Monday, May 2, 2016

ARC Review: Every Exquisite Thing

Title: Every Exquisite Thing
Author: Matthew Quick
Publisher: Little, Brown Books for Young Readers
Publication Date: May 31, 2016
Source: Little, Brown for Review

Nanette O'Hare is an unassuming teen who has played the role of dutiful daughter, hardworking student, and star athlete for as long as she can remember. But when a beloved teacher gives her his worn copy of The Bugglegum Reaper--a mysterious, out-of-print cult classic--the rebel within Nanette awakens.

As she befriends the reclusive author, falls in love with a young troubled poet, and attempts to insert her true self into the world with wild abandon, Nanette learns the hard way that rebellion sometimes comes at a high price.

My Review

Every Exquisite Thing is the second novel by Matthew Quick that I've read, but it's the first YA book of his that I've actually read. I'd read The Silver Linings Playbook a few years ago, and based on what I thought of that book, I will confess that I had high expectations for this new book of his. I was so happy to find out that my expectations were met, and I found myself so absorbed in this quirky, funny, and emotional novel.

Nanette O'Hare does what is expected of her. She goes to school. She makes good grades. She is a star on the soccer team, and she's being scouted by many different colleges. The one thing that is different about Nanette is the fact that she doesn't enjoy eating lunch in the cafeteria with her peers. This leads her to eating lunch with her favorite English teacher, Mr. Graves, who doesn't enjoy eating in the teacher's lounge. The two have become close, so right before Christmas break during Nanette's junior year, Mr. Graves gives Nanette a well loved copy of his favorite book, The Bubblegum Reaper. This book changes everything for Nanette, and she soon realizes that maybe being the perfect daughter, student, and athlete is just a mask she's been using to hide who she truly is.

Just like The Silver Linings Playbook, I found myself really enjoying Quick's writing style. It's not flashy or flowery. Quick finds a way to tell Nanette's story that really reaches readers. It's easy to follow and entertaining. The cool thing about the writing style in Every Exquisite Thing is that there is a switch about halfway through that reflects what Nanette is going through. Quick goes from first person to third person, and it really helps readers understand and experience what Nanette is going through and how she is dealing with everything that has been thrown at her during her senior year of high school. 

For the most part, I really enjoyed the plot of Every Exquisite Thing. I'm always up for a book about mental illness, and Quick's latest shows the many different faces of teenagers living with some sort of a mental illness. I thought that this book was well crafted, and I think it felt extremely realistic. Even though it's very emotional, I really liked seeing all of the changes in Nanette, Alex, and Oliver. I also thought it was cool to see Quick's book mirror the book that the characters read - The Bubblegum Reaper. There were definitely a few moments of predictability in the book, but for the most part, this novel was highly entertaining. I was only a few pages in when I started thinking about how this book reminded me of two of my favorite books - The Perks of Being a Wallflower and The Catcher in the Rye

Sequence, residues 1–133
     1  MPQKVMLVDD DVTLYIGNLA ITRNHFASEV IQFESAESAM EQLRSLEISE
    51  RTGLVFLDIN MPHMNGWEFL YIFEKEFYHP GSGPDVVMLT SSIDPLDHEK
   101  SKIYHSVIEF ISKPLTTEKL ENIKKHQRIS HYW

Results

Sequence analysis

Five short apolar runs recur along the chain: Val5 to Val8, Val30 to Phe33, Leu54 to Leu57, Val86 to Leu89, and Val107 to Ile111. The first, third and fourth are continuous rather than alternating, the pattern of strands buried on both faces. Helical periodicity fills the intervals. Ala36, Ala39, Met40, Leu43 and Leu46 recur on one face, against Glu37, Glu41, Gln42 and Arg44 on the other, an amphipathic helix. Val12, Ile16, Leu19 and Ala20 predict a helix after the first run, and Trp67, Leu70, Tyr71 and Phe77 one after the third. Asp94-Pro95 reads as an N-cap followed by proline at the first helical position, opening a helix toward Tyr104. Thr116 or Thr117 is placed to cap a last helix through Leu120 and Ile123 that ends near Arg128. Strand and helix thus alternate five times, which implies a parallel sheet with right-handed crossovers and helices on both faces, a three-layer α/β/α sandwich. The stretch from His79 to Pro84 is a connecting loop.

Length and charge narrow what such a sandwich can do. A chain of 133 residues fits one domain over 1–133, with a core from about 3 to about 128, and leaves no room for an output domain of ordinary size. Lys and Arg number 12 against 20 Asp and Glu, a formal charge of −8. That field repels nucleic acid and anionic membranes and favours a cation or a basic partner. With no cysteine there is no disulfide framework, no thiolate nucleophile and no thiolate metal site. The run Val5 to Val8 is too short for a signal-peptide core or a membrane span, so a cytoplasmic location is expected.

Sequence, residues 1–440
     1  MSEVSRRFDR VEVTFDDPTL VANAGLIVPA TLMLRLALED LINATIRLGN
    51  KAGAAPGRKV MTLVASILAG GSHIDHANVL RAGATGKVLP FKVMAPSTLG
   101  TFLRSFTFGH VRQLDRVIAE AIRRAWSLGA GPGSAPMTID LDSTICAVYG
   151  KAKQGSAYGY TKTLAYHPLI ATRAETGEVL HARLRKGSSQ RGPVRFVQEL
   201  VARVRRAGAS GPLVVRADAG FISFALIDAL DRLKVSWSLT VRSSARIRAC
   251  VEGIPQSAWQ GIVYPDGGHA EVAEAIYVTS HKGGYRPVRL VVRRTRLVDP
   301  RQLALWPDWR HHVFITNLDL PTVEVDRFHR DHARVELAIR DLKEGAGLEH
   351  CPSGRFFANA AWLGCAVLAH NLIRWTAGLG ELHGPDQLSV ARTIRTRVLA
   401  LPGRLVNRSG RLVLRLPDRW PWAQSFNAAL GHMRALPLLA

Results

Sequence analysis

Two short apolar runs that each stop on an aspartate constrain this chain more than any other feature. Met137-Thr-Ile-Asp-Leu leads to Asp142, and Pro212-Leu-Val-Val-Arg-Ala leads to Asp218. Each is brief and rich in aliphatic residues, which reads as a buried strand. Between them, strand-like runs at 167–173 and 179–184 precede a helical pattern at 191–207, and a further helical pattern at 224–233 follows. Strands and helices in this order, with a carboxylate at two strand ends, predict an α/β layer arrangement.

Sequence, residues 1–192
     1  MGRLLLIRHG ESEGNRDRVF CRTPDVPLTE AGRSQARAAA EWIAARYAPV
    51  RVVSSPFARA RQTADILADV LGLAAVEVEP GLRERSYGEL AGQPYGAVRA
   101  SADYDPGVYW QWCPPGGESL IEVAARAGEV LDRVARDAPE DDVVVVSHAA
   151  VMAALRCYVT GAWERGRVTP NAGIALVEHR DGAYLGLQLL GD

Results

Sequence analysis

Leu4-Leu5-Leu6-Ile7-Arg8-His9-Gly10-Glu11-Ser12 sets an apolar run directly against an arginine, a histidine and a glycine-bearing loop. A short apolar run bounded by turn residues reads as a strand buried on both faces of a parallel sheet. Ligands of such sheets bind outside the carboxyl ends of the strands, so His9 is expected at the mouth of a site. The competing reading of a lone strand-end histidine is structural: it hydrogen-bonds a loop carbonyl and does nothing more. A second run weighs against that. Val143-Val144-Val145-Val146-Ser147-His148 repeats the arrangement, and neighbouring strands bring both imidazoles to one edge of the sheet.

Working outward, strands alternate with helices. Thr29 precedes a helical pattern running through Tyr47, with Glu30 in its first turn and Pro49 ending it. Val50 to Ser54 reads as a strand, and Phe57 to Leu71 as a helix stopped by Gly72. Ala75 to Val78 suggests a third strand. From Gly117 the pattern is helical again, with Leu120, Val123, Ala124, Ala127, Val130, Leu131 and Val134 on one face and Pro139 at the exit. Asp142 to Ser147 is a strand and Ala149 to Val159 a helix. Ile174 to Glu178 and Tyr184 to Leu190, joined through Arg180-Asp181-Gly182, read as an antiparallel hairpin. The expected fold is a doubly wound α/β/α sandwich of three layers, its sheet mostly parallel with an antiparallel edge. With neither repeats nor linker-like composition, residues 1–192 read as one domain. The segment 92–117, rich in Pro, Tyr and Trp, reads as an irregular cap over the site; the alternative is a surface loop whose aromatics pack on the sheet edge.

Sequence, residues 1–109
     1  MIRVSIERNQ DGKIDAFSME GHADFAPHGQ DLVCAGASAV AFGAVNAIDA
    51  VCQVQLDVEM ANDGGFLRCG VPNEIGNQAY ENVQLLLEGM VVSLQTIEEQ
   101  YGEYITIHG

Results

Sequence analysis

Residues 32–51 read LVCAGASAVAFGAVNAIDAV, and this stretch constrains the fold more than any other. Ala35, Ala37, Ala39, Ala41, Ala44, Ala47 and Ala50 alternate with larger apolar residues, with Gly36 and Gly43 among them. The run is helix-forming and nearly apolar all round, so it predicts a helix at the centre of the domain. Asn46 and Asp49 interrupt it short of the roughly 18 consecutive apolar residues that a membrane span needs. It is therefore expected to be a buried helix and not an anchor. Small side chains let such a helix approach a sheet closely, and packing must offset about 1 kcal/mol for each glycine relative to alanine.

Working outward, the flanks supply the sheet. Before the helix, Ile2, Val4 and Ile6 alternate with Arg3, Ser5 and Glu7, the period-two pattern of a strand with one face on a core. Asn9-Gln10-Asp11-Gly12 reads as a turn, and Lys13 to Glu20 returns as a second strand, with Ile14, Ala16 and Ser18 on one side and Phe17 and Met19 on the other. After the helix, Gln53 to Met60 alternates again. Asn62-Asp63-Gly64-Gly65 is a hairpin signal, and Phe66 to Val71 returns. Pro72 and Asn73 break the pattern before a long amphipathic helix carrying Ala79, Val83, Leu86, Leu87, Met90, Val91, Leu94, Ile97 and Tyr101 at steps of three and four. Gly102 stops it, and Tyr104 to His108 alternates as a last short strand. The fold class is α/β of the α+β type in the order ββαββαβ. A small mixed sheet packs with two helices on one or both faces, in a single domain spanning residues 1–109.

I also enjoyed the characters in Every Exquisite Thing. Natalie wasn't the typical YA heroine that I've come across in many young adult books because she felt like a character that didn't just relate to females. Her story is also one that could happen to anyone, so it was nice to see a female character that could really be a voice for everyone. She has a lot of reader appeal, and I can see so many readers really enjoying her story and who she is as a character. I also really liked the supporting characters Alex and Oliver. Both of them were good to Nanette, and both of them teach her things that will stick with her.

There are also some adult supporting characters in this book, and I think that Matthew Quick did a great job at writing them. At first, Nanette's parents are a little oblivious to what's really going on in her mind, but it's mostly because Nanette doesn't really know how to express who she truly is. I think Quick did something magical by including parents who learn from the situation they find themselves in with their daughter, and I'm so happy that I've found another YA novel with parents who are actually present. Nanette also befriends the author of The Bubblegum Reaper, and their journey is one that is full of both hilarious and serious moments. 

If you're looking for a great coming-of age novel that is reminiscent of The Catcher in the Rye by J.D. Salinger and The Perks of Being a Wallflower, look no further than Matthew Quick's Every Exquisite Thing. The book entertains readers with its emotionally realistic story, but it also teaches readers to be careful about emulating fictional heroes. This is one book that you won't want to miss out on this spring.

Matthew Quick is the New York Times bestselling author of several novels, including THE SILVER LININGS PLAYBOOK, which was made into an Oscar-winning film. His work has been translated into more than thirty languages and has received a PEN/Hemingway Award Honorable Mention. Matthew lives with his wife, novelist/pianist Alicia Bessette, on North Carolina’s Outer Banks.

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